Even though I don’t list it in my tongue-in-cheek biography, I am a lawyer–even though I am not now a practicing lawyer. One of the things I think I learned as a lawyer is that civil lawsuits are an ineffective way of making people happy–and people often file suit, not out of coldly rational calculus, but because they are trying to fill an unmet emotional need. It may sound great to win a giant verdict, but 95% of the time, a favorable ruling is an ephemeral brass ring that disappears once you touch it.
I started thinking about this a few days ago, when Kristin posted on her blog about cover consultations. One of the commenters suggested that someday, a publisher would be sued, and an injunction obtained, over cover consultation. It might happen one day–but it struck me as such a horribly wrong-headed approach to the matter, that I’ve been thinking about the problem presented for days.
It won’t surprise you to hear that some lawyers advise clients, when faced with a potential lawsuit, to avoid admitting guilt or providing information. After all, if you say, “I’m sorry, it was my fault,” in court, they will ask you, “Hey, didn’t you say it was your fault?” And you will have to answer yes, and then you will lose. But there was a rather startling study produced by the Journal of American Medicine a few years ago that found that in malpractice cases, lawsuits went down if someone sat down with the people in question, told them precisely what went wrong, admitted fault and responsibility, and told them how they’d taken measures to prevent such accidents in the future.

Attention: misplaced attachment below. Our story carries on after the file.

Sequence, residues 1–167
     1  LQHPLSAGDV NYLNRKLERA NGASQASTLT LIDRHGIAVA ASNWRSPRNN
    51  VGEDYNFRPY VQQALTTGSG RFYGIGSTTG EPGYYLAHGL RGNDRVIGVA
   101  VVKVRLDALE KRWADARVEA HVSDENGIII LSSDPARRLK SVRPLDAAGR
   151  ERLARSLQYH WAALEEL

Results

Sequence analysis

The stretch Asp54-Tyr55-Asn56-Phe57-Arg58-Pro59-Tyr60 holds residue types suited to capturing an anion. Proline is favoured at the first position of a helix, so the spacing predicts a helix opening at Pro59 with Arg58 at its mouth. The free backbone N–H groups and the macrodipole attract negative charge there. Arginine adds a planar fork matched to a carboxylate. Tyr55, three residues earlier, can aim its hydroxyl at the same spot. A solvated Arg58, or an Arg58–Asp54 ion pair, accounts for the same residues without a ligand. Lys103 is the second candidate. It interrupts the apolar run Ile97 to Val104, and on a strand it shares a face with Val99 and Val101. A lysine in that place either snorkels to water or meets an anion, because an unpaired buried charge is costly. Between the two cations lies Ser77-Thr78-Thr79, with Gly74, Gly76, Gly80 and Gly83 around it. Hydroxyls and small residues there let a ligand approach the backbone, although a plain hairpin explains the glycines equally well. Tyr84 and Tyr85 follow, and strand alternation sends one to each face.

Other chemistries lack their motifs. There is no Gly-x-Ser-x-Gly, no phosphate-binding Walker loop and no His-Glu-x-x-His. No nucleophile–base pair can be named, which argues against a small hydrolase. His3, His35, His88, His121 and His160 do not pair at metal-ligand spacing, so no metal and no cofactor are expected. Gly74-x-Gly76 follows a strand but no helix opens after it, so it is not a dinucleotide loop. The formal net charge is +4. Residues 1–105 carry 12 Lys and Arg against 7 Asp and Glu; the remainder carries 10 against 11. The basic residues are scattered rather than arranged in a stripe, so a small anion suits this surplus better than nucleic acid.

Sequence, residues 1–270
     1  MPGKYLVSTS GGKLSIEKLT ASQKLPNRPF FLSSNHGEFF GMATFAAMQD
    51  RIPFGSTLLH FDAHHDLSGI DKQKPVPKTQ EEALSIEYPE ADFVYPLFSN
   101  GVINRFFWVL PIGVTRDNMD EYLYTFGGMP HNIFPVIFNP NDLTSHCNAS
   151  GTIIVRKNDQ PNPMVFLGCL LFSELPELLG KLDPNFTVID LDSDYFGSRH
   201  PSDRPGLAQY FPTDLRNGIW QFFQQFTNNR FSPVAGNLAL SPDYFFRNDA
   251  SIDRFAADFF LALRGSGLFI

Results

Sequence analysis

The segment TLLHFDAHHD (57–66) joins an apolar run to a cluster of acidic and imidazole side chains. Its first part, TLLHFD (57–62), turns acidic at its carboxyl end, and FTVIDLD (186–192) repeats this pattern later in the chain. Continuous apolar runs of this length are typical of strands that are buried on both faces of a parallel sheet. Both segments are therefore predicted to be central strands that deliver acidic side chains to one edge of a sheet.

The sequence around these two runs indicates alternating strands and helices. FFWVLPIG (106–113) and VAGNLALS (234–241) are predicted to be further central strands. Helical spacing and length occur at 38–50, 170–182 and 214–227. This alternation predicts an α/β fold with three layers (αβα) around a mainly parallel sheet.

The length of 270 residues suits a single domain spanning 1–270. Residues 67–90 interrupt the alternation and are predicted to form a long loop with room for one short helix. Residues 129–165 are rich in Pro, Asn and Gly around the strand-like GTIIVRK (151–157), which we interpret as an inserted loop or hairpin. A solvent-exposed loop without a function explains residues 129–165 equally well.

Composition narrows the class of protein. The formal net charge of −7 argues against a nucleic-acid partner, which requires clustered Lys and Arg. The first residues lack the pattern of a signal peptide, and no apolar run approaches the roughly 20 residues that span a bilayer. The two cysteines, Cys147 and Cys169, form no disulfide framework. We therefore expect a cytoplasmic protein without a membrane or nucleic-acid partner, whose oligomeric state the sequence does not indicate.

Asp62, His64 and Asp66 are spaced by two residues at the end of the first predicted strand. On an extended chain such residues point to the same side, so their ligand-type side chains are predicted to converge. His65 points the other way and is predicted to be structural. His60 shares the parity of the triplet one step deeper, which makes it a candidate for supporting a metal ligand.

Why? Personally, I think it’s because most people don’t file lawsuits because they’re trying to get the money or because they honestly believe it is the best step to take in their careers. Most people file lawsuits because they’ve been hurt, they are angry, and they want to feel vindicated. They file lawsuits because they’ve stopped seeing the person they care about as human and real, and they see them only as an adversary to be ground into the dust. Adding that human touch–letting the patients know that the doctors did care, and responded to their pain and wanted to do what was right–made a huge difference. Ultimately, people know that a lawsuit will never bring Grandma back. But being treated by the medical professionals as if you are human instead of a walking, talking liability helped them channel their grief and anger in some way other than lashing out legally.
I’m not trying to say that lawsuits serve no purpose. They do, obviously, and they’ve done great (and terrible) things for our society. I’m not even trying to say that you shouldn’t sue doctors for malpractice. If a doctor is incompetent, she should not be treating patients, and I approve of methods that make it impossible for that doctor to earn a living.
But I do think that your life will be happier and more free of stress if you try not to find a lawsuit everywhere you look. This is especially true of publishing contracts. Most of what I saw in my publishing contract was about two sides working together. I’m going to give them a timely product that is the best work I can do. They’re going to let me know how to make it even better, and I’m going to listen–because we both want the same thing, which is for my books to capture as many readers as possible.
And I don’t see how I could have that relationship if I thought of the contract, and our agreement, as an adversarial one.
Sometimes, this relationship breaks down. (When it does, it leads to cringeworthy train wrecks on Dear Author that leave me noting to myself that I will never, ever under any circumstances work for a publishing house where managers tell authors to shut up or sue.) But most of the time, you don’t hear anything about it–except thanks, from authors to editors and publishing house staff, for all their hard work.